First published Autumn 2018


Catherine Morgan finds out about the challenges of a trialing a dairy-free diet for children

We are doing a trial elimination of dairy for my eldest — under professional supervision and for health reasons, not because I am anti-dairy. It’s relatively easy at home — there are lots of dairy-free options available, and most of the time my swaps go unnoticed (although on the rare occasion he has breakfast cereal, he now prefers it dry!). But it is somewhat harder when we’re out and about, mainly because Child 1 can’t make the same food choices as Child 2, who is a bit of a cheese-fiend.

But credit to our four-year-old, who takes it all in his stride (most of the time), who doesn’t have tantrums when he can’t have what he wants (most of the time), and who learnt, very quickly, to question the suitability of unfamiliar foods (again, most of the time).

Although many places now cater for people with food restrictions, some menus can still be a bit tricky to navigate, and choices can sometimes be a bit limited, especially in smaller outlets. But in the grand scheme of things, he really doesn’t miss out. It just takes a bit of extra planning on my part and a bit (sometimes a lot) of understanding on his.

Of course, going dairy-free does have its challenges, and one family’s struggle may be different from the next; but there is a host of resources and support available for those who need it. For me, a major concern is ensuring Child 1 maintains a healthy relationship with food — I don’t want him to develop food fears or hang-ups, or to feel isolated from his peers… I’m therefore quick to stress that this is a trial period, and to focus on things he can have rather than those he can’t. I also take it as an opportunity for us to experiment together in the kitchen, finding out what he likes and what he doesn’t. Plus, I try not to be too alarmist when a dairy-laden item accidently makes its way into his mouth (this obviously wouldn’t be the case if it was a diagnosed allergy, of course).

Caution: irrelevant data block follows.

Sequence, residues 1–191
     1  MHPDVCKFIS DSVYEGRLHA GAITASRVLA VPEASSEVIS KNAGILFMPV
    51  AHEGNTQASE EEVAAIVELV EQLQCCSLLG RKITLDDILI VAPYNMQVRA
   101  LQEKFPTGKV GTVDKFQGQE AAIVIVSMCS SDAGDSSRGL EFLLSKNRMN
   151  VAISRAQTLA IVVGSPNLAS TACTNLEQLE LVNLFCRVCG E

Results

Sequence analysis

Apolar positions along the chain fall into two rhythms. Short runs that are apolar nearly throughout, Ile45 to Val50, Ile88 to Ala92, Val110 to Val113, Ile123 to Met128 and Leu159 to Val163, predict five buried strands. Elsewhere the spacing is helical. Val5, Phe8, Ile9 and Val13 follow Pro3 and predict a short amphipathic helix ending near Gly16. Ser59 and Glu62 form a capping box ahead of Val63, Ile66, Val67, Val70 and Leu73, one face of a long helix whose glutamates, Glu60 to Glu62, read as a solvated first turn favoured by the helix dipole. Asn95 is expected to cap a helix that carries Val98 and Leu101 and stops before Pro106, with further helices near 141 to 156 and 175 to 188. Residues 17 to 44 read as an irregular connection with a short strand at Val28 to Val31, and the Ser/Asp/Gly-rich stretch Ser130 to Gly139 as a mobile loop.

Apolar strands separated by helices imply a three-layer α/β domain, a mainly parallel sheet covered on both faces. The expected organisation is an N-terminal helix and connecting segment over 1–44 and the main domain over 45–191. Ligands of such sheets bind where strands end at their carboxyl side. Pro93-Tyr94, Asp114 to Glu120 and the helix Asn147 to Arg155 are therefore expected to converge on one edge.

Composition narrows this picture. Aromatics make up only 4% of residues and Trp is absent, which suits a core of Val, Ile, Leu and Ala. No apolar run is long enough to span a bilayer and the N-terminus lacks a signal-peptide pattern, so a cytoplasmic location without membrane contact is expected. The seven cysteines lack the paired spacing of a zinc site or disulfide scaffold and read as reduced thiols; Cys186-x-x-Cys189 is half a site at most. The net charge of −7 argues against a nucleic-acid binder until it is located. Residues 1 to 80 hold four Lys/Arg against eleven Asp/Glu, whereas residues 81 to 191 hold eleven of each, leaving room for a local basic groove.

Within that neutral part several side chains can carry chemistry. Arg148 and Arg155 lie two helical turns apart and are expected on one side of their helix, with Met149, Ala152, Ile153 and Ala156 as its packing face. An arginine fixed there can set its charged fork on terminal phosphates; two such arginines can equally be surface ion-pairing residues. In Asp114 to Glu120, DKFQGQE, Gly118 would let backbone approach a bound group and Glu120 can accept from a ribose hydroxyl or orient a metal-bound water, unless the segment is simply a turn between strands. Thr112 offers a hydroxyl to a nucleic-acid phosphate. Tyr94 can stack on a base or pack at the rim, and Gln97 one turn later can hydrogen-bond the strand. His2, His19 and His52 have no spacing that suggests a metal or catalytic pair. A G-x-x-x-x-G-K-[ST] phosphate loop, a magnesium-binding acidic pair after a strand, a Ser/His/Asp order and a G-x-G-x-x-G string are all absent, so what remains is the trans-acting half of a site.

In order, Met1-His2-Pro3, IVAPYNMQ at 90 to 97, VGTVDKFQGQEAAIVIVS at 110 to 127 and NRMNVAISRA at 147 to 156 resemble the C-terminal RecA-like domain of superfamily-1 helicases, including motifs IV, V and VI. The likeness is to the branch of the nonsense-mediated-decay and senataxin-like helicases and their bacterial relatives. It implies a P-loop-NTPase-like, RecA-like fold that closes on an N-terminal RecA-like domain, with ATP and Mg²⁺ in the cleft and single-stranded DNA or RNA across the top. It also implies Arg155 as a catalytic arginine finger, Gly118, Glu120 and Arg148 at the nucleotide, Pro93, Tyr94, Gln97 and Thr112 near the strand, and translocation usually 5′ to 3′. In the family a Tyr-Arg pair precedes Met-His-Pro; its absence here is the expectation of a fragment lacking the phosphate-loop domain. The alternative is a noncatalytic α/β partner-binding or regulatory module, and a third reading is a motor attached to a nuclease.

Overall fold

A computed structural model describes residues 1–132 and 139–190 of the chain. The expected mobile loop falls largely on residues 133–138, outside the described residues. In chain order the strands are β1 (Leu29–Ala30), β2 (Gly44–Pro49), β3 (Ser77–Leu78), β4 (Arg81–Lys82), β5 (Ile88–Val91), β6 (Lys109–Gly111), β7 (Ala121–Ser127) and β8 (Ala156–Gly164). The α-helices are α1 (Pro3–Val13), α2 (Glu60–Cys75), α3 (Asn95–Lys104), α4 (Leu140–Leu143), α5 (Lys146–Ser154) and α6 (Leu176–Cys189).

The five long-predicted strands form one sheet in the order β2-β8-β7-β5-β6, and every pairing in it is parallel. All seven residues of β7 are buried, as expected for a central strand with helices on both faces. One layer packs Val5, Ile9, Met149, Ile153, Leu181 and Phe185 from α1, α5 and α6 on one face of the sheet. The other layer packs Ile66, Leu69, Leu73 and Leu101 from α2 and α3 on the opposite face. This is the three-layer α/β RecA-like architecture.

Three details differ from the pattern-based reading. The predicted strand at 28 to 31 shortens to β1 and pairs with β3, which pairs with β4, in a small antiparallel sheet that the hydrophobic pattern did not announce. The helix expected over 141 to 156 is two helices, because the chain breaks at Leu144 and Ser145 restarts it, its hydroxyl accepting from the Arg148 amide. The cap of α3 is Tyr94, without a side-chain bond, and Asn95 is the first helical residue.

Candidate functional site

“If going dairy-free is making a difference, then they will feel so much better in themselves within a couple of weeks...”

Naturopath and functional medicine practitioner Lucinda Miller, aka The NatureDoc, agrees that it is important to tell children that it is just a trial, and to set out a time frame that the child can associate with.

“Interact with them during this trial period to check in to see how they are feeling,” she says. “If going dairy-free is making a difference, then they will feel so much better in themselves within a couple of weeks. In the case of tummy aches for instance you can track how frequently they are occurring, and if there are less then point this out to them.” And it is for exactly this reason that Child 1 is showing such willing.

Miller also offers some advice when eating out or attending parties: “Call ahead to a restaurant to check they can provide dairy-free options, and pack a cardboard party box with lots of lovely healthy dairy-free goodies for parties so they feel this a bit more special than their normal lunch box.”

Another thing I am conscious of is calcium intake; and this is one of the top parental concerns Miller hears in clinic, along with worries about finding child-approved dairy-free alternatives.

“Calcium is something to be mindful of,” says Miller. “A child’s minimum daily intake should be 350 to 550 mg for a younger child and 800 to 1,000 mg for adolescents.” A good option for breakfast are calcium-rich oat-based cereals, she says, in the form of porridge or oat-based muesli. Chia, sesame and poppy seeds also contain good levels, so add to cereals, puddings and baked goods.

But calcium isn’t the only nutrient to consider. “What is forgotten is also the importance of iodine, vitamin D and protein,” says Miller. “Iodine sources include seaweed, strawberries, cranberries and potatoes. Vitamin D is best gained through sun exposure but is also in shiitake mushrooms, oily fish and eggs. It is important to find good dairy-free sources of protein such as eggs, fish, meat and poultry as well as beans, nuts and seeds.”

Our dairy-free journey has had its ups and downs; but things are getting easier. For anyone about to start one of their own, do remember to seek professional advice — and to join a network of like-minded people for support. If you’re looking for inspiration, there certainly isn’t a shortage of books and bloggers showcasing their free-from creations — some of which will be a hit, and others that won’t; but surely, when it comes to children, that’s just the norm, dairy-free or otherwise.

Lucinda Miller’s recipe book, The Good Stuff, has a section on eating healthily with allergies and food intolerances. She has also provided clever swaps in all the recipes to make them dairy-free.



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